December 1, 2006
Wanting to give your older, but still reliable aircraft a makeover that improves its utility, performance, and look? Well, AOPA can help you through the process. Follow AOPA's Win-A-Six in '06 restoration project to learn about avionics, engine, and airframe speed mods. Or get some ideas from our past sweepstakes restoration projects: Twin Comanche, Waco, Bonanza, Mooney, Stationair, Tri-Pacer, Arrow, and Cessna 172.
AOPA's Guide to Supplemental Type Certificates can help you through the approval process required to make some of these upgrades. The association recently added Advisory Circular 23-24 "Airworthiness Compliance Checklists for Common Part 23 STC Projects," which addresses the five most common categories of changes that have been made since 2002: installation of an autopilot system, installation of reciprocating and turbine engines with increased horsepower, replacement of a reciprocating engine with a turbine engine, installation of a different propeller, installation of auxiliary fuel tanks, and an increase in gross weight.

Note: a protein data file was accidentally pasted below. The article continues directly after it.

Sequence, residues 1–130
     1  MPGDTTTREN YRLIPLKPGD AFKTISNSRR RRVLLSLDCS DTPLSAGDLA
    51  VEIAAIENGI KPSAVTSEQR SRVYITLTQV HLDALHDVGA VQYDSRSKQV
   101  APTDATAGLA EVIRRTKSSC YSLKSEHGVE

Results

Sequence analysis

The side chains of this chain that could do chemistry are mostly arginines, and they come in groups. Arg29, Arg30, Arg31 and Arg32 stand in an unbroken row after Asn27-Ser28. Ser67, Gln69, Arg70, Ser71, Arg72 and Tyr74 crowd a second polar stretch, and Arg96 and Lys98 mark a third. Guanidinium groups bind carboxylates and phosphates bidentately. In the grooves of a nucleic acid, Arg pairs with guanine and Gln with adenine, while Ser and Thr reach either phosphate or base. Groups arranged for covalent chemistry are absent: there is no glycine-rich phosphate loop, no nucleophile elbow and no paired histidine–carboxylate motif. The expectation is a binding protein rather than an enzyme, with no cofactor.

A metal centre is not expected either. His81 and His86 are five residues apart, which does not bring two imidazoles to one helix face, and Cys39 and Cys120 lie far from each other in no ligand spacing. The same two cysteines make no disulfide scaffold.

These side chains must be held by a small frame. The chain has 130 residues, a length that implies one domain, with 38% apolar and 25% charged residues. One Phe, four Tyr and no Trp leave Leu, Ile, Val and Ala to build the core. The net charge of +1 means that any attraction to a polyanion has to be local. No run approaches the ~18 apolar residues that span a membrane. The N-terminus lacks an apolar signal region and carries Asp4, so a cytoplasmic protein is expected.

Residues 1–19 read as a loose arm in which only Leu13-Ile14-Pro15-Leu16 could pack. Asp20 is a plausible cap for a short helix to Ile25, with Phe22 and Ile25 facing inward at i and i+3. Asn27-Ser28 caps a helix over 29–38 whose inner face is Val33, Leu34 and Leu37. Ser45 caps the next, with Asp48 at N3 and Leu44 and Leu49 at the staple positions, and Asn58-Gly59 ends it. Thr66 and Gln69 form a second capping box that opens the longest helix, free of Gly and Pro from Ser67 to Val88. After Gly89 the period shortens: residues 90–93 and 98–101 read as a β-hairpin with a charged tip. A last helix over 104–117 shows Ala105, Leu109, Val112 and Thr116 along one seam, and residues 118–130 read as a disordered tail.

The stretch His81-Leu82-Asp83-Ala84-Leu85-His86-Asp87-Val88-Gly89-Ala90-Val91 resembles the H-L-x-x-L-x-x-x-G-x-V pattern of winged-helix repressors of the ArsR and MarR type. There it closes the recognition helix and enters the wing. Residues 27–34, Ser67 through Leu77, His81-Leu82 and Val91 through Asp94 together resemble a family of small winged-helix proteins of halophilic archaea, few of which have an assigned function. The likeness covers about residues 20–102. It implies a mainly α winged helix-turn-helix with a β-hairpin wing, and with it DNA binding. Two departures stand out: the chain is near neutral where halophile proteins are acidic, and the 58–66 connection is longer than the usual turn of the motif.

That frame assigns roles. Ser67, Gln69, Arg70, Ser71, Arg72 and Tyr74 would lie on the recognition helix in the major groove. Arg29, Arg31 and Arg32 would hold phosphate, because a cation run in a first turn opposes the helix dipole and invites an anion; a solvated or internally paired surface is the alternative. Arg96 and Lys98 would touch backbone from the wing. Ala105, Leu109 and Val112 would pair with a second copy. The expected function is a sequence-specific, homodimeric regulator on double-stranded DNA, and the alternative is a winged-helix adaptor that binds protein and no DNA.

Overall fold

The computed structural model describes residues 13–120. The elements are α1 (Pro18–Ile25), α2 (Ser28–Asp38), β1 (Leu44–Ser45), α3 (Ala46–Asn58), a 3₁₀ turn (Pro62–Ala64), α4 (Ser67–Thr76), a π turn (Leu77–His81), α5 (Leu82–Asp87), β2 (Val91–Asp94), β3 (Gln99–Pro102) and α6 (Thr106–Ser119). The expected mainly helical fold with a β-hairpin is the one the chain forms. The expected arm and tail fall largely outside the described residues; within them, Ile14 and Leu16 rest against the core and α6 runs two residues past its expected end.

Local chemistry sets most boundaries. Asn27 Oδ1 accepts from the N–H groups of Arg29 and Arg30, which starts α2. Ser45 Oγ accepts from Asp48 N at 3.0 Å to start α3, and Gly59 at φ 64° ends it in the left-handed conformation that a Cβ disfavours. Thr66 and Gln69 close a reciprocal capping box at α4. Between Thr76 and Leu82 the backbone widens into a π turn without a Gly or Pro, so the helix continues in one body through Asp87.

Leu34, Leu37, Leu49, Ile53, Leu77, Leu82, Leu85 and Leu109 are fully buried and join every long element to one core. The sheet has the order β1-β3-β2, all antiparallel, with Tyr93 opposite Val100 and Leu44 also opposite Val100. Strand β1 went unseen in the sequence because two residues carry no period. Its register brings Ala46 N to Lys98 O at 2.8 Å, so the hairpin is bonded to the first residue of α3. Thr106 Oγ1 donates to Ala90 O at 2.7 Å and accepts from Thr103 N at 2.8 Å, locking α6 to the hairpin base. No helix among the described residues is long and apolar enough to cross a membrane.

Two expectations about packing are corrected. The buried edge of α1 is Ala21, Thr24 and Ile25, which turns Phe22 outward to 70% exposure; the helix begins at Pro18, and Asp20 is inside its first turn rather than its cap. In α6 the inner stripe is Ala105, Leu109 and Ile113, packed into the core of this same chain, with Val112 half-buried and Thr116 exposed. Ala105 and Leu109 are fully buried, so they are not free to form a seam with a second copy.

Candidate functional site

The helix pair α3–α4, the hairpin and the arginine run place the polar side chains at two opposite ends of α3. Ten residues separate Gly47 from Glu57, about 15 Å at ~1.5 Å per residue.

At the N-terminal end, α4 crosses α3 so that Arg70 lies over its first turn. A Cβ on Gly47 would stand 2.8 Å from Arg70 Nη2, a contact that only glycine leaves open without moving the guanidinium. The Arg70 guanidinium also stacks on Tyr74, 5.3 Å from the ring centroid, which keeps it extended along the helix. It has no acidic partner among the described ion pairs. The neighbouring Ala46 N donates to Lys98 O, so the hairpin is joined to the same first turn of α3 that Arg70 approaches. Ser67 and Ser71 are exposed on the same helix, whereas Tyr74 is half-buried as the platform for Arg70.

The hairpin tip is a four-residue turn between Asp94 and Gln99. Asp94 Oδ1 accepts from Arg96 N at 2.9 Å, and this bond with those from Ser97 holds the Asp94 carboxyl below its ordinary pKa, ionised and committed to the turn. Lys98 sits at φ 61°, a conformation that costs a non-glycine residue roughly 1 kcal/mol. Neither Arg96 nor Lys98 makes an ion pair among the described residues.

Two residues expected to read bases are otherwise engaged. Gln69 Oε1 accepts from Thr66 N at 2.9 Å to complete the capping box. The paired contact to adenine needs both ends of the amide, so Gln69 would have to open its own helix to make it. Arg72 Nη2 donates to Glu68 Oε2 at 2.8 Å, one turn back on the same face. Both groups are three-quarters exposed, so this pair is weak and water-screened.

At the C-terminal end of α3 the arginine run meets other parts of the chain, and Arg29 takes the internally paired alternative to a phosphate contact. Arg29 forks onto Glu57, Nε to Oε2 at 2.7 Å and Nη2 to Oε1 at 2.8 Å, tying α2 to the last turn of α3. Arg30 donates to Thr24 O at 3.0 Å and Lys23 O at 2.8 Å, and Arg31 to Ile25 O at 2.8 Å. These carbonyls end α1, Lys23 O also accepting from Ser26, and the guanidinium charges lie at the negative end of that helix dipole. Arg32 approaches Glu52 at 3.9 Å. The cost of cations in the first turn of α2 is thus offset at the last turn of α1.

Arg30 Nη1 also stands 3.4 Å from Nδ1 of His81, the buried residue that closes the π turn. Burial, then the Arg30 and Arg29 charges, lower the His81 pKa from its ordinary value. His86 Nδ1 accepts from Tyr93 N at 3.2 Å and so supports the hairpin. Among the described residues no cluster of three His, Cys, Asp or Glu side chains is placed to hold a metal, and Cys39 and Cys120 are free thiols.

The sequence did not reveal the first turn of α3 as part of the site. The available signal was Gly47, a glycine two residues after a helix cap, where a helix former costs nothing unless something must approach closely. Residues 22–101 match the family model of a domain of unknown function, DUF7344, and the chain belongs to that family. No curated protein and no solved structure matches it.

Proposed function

January 12, 2006
FAA Information and Services,
AOPA President Mark Baker and AOPA Foundation Executive Director Jim Minow are challenging one another to see who can recruit the most Hat in the Ring Society members for the foundation before the end of the year.
Two general aviation airports located two miles apart in a remote section of northeast Oregon are coming alive, thanks to pilots and area residents.
Installing a fuel farm at Berrien County Airport in Nashville, Georgia, could increase the airport’s economic impact on the local community from its last reported $682,200 to nearly $1 million, according to AOPA.
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